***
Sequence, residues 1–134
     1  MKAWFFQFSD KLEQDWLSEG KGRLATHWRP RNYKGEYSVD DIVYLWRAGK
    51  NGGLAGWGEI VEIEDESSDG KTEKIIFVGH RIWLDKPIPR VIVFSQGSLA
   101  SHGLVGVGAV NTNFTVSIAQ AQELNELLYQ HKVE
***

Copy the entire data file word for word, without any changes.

Sequence, residues 1–134
     1  MKAWFFQFSD KLEQDWLSEG KGRLATHWRP RNYKGEYSVD DIVYLWRAGK
    51  NGGLAGWGEI VEIEDESSDG KTEKIIFVGH RIWLDKPIPR VIVFSQGSLA
   101  SHGLVGVGAV NTNFTVSIAQ AQELNELLYQ HKVE